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13 Feb. 2018 Posted by A List Apart in External

Discovery on a Budget: Part II

Welcome to the second installment of the “Discovery on a Budget” series, in which we explore how to conduct effective discovery research when there is no existing data to comb through, no stakeholders to interview, and no slush fund to draw upon. In part 1 of this series, we discussed how it is helpful to articulate what you know (and what you assume) in the form of a problem hypothesis. We also covered strategies for conducting one of the most affordable and effective research methods: user interviews.

6 Feb. 2018 Posted by A List Apart in External

My Accessibility Journey: What I’ve Learned So Far

Last year I gave a talk about CSS and accessibility at the stahlstadt.js meetup in Linz, Austria. Afterward, an attendee asked why I was interested in accessibility: Did I or someone in my life have a disability?

I’m used to answering this question—to which the answer is no—because I get it all the time. A lot of people seem to assume that a personal connection is the only reason someone would care about accessibility.

1 Feb. 2018 Posted by A List Apart in External

Design Like a Teacher

In 2014, the clinic where I served as head of communications and digital strategy switched to a new online patient portal, a change that was mandated by the electronic health record (EHR) system we used. The company that provides the EHR system held several meetings for the COO and me to learn the new tool and provided materials to give to patients to help them register for and use the new portal.

30 Jan. 2018 Posted by A List Apart in External
23 Jan. 2018 Posted by A List Apart in External

The King vs. Pawn Game of UI Design

If you want to improve your UI design skills, have you tried looking at chess? I know it sounds contrived, but hear me out. I’m going to take a concept from chess and use it to build a toolkit of UI design strategies. By the end, we’ll have covered color, typography, lighting and shadows, and more.

But it all starts with rooks and pawns.

18 Jan. 2018 Posted by A List Apart in External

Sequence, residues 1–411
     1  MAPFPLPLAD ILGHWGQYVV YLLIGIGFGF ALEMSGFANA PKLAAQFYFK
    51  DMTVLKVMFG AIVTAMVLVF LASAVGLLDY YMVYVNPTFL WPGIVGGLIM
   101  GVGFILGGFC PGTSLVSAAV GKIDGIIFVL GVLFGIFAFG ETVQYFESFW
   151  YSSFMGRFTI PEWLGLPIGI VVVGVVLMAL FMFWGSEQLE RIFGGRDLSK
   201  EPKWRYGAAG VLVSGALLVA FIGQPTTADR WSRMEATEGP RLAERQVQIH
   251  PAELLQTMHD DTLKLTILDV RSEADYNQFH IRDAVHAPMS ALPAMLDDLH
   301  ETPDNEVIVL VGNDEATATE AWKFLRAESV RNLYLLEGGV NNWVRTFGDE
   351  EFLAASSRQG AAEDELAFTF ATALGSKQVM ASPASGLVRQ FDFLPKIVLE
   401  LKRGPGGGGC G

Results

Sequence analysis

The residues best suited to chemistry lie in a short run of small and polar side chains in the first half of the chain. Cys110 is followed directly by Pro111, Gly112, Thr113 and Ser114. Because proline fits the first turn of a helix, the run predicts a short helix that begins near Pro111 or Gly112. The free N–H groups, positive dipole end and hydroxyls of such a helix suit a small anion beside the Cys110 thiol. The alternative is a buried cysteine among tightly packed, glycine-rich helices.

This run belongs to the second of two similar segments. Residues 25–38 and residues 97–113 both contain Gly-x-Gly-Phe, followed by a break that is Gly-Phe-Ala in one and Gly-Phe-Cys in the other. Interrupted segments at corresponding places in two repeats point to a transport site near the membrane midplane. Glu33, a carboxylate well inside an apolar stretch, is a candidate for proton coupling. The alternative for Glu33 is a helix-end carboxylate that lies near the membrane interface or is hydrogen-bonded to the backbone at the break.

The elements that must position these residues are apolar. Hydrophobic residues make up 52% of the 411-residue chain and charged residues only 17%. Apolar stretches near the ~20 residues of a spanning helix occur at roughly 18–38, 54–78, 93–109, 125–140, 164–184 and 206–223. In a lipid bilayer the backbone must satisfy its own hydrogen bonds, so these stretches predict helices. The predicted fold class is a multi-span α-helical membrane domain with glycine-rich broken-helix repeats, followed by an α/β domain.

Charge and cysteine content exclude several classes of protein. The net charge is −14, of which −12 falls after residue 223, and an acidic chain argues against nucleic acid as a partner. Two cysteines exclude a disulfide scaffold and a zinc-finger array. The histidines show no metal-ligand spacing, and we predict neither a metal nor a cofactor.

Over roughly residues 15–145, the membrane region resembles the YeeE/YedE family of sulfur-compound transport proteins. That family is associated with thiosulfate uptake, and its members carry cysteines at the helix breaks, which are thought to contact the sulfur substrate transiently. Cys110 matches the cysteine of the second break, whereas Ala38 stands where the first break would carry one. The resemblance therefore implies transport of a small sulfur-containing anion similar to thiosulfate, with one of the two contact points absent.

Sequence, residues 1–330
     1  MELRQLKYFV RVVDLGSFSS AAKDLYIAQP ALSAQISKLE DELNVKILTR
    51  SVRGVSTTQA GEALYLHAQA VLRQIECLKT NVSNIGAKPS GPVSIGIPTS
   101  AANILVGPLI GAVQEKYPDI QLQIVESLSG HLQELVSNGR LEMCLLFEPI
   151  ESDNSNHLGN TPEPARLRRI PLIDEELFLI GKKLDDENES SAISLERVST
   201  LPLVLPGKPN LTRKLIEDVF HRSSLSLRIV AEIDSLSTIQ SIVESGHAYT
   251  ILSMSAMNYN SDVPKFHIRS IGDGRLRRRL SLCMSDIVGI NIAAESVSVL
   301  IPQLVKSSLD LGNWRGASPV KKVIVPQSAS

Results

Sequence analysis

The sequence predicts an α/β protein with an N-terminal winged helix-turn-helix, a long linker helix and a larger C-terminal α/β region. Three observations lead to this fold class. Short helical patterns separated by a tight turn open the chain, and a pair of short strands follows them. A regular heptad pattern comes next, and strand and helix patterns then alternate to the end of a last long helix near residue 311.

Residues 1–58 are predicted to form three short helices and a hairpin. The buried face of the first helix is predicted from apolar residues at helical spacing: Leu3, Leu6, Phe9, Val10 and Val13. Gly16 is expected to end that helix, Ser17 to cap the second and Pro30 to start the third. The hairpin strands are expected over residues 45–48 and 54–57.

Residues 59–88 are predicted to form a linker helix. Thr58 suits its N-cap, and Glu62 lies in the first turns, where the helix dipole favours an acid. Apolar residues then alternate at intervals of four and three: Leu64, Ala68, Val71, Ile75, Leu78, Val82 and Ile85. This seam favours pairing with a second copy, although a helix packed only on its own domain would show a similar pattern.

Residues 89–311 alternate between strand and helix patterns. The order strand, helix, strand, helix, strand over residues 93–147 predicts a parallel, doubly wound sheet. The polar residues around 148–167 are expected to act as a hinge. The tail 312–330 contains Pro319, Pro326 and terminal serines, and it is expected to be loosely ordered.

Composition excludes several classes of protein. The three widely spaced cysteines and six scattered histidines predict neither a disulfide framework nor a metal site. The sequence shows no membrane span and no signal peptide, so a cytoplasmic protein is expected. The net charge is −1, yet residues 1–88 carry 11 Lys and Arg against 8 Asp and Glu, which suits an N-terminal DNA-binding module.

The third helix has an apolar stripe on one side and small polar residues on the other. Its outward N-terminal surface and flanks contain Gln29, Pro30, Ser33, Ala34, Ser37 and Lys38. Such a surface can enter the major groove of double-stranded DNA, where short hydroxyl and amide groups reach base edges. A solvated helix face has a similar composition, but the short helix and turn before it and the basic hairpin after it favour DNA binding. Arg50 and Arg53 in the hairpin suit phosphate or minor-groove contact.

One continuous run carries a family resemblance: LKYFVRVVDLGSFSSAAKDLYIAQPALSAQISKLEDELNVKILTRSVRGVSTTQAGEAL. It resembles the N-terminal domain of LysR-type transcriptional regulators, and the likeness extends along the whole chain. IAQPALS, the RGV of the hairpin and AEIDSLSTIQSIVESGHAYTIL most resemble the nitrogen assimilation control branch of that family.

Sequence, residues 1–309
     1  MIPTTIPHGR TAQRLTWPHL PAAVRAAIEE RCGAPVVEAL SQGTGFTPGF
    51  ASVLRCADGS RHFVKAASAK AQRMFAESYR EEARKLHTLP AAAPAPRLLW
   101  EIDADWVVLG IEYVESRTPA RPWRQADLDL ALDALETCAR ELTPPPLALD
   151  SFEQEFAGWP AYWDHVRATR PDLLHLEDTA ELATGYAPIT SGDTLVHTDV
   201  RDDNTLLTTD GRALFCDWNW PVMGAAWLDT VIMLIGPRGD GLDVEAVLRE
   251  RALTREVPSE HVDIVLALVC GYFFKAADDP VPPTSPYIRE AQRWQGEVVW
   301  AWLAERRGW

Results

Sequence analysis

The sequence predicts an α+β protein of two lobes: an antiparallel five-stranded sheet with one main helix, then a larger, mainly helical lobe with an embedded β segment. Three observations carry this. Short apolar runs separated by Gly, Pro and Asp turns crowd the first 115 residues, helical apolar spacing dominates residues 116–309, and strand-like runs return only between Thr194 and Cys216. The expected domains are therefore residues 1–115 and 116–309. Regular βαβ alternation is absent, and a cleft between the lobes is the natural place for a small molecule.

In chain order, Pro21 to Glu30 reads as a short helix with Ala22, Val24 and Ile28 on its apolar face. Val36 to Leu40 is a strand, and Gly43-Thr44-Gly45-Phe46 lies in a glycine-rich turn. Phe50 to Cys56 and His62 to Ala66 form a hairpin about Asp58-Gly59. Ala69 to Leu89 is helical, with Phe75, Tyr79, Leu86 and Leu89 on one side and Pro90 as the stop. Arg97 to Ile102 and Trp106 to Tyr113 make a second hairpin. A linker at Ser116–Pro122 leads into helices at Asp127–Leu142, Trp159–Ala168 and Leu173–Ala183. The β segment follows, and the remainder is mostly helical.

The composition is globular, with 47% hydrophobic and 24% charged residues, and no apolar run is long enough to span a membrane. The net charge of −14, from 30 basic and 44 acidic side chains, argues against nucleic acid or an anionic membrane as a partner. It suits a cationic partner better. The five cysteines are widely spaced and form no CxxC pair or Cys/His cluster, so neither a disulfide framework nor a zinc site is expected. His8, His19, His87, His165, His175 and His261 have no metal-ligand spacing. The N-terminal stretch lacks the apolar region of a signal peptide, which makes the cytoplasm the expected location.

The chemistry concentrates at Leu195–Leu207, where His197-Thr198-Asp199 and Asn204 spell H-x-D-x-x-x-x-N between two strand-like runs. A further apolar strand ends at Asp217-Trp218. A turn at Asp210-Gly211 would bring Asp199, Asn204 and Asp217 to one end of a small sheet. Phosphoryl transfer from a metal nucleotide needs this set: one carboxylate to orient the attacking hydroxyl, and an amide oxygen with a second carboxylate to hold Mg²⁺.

Mental Illness in the Web Industry

The picture of the tortured artist has endured for centuries: creative geniuses who struggle with their metaphorical demons and don’t relate to life the same way as most people. Today, we know some of this can be attributed to mental illness: depression, anxiety, bipolar disorder, and many others. We have modern stories about this and plenty of anecdotal information that fuels the popular belief in a link between creativity and mental illness.

16 Jan. 2018 Posted by A List Apart in External

Working with External User Researchers: Part I

You’ve got an idea or perhaps some rough sketches, or you have a fully formed product nearing launch. Or maybe you’ve launched it already. Regardless of where you are in the product lifecycle, you know you need to get input from users.

You have a few sound options to get this input: use a full-time user researcher or contract out the work (or maybe a combination of both). Between the three of us, we’ve run a user research agency, hired external researchers, and worked as freelancers. Through our different perspectives, we hope to provide some helpful considerations.

11 Jan. 2018 Posted by A List Apart in External

No More FAQs: Create Purposeful Information for a More Effective User Experience

It’s normal for your website users to have recurring questions and need quick access to specific information to complete … whatever it is they came looking for. Many companies still opt for the ubiquitous FAQ (frequently asked/anticipated questions) format to address some or even all information needs. But FAQs often miss the mark because people don’t realize that creating effective user information—even when using the apparently simple question/answer format—is complex and requires careful planning.

9 Jan. 2018 Posted by A List Apart in External

Why Mutation Can Be Scary

A note from the editors: This article contain sample lessons from Learn JavaScript, a course that helps you learn JavaScript to build real-world components from scratch.

4 Jan. 2018 Posted by A List Apart in External

Discovery on a Budget: Part I

If you crack open any design textbook, you’ll see some depiction of the design cycle: discover, ideate, create, evaluate, and repeat. Whenever we bring on a new client or start working on a new feature, we start at the top of the wheel with discover (or discovery). It is the time in the project when we define what problem we are trying to solve and what our first approach at solving it should be.

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